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Alain Ducasse at The Dorchester

The Dorchester, 53 Park Lane, LONDON, W1K 1QA

4 rosettes

At first blush, the Ducasse dining room at The Dorchester looks like one of those anonymised spaces, where all the effort and expense has gone into making the place look like nowhere in particular, a feeling that seems to suit an international superchef franchise. In London, you get a room done in an almost indefinable shade of watery green, with views through one-way glass of the Park Lane traffic. Staff, on the other hand, dazzle with their sartorial precision and professionalism, even if not always with their English. They are fully conversant with the menu, and the wine team inspires sound confidence. It's fair to say that Jocelyn Herland has eased himself into the rhythm here over the past several years. There were early reports of food that was rather humdrum for haute cuisine, the lunch menus in particular strangely unambitious, but of late there are signs that the kitchen is beginning to take wing, often with some of the same dishes that appeared less than scintillating before. Main courses to write home about include the brilliant sea bass (a dish created to mark the silver anniversary of Ducasse's arrival at the Louis XV in Monte Carlo, we're told). It's a handsomely silver-suited piece of impeccable fish, with a line of crumbled olive on top, accompanied by baby artichokes and garlic croquettes, an explosion of flavours. No less astonishing is the famous Limousin veal, butter-tender and pale as Keats, sauced with a moreish rich veal stock crowded with girolles and wafer-thin slices of culatello ham, the softness of texture offset by the crunch of fresh almonds. There's daring in the simplicity of these dishes, but genuine impact too. That seems just a touch less applicable to first courses such as the bundles of seasonal veg - cooked and crudités - garnished with Taggiasca olives and light tomato syrup, or the two-way serving of fine Dorset crab, a bowl of white meat seasoned with lemon and paprika, a bowl of brown with crab jelly and a row of julienned vegetables sitting in it. The quality isn't in question, but the point is being forcefully made that not all contemporary cuisine is about technical ingenuity. Desserts are as classical as rum baba doused in your choice of six rums, or a raspberry soufflé puffed up like a Lord High Chancellor, attended by vividly colourful raspberry sorbet.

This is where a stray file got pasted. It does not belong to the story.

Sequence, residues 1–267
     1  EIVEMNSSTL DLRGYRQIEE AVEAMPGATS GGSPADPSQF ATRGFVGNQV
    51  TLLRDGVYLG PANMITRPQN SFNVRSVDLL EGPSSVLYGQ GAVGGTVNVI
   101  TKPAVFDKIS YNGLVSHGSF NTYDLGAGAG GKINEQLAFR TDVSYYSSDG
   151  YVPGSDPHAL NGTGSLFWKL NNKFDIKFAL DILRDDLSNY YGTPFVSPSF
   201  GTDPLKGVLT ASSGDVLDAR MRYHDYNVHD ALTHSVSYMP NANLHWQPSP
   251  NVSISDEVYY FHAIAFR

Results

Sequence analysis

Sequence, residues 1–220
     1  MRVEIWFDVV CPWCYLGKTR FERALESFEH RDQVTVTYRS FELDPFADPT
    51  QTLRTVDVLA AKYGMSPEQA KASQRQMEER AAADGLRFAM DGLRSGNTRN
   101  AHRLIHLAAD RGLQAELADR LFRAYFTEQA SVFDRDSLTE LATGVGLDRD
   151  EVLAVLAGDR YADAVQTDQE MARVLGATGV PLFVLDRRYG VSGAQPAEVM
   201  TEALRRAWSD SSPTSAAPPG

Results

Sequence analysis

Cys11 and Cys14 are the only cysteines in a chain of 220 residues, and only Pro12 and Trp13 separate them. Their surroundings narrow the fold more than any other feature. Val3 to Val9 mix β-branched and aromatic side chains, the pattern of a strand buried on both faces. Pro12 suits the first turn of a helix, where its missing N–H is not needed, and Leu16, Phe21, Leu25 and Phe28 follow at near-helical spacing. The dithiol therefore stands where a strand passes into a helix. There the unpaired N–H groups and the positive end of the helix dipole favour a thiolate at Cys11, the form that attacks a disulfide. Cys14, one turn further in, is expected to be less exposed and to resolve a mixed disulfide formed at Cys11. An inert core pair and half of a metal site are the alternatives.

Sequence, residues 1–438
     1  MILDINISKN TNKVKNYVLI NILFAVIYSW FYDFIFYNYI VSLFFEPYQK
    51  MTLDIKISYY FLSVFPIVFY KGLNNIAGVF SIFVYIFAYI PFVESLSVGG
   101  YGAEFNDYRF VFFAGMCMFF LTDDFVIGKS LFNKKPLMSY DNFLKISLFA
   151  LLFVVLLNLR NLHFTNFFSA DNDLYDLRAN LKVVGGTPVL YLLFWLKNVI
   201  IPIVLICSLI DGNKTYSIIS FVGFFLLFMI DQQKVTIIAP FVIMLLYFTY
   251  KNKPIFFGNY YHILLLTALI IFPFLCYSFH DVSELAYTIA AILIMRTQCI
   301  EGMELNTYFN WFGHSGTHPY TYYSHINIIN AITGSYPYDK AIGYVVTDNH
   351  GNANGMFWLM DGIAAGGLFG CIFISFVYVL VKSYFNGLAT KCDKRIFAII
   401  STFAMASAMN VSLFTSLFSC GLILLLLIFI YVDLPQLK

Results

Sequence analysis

Further information

Tel: 020 7629 8866
Please quote 'The AA'.
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Days closed: Sun-Mon
Dates closed: 1-7 Jan, 18-21 Apr, 26-30 Dec
Days closed for lunch: Sat

Restaurant information

Cooking type: Contemporary, Modern French
Chef: Jocelyn Herland, Angelo Ercolano, Jean Philippe Blondet
Number of seats: 82
Accessible for wheelchairs.
Disabled toilets.
Vegetarian meals available.
No children under 10 yrs.
Parking available.


Restaurant price guide

2 Course lunch from: £65.00
3 Course lunch from: £55.00
3 Course dinner from: £90.00
Prices are for guidance only. Please check when booking for current rates.



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Nearest station: Hyde Park Corner, Marble Arch

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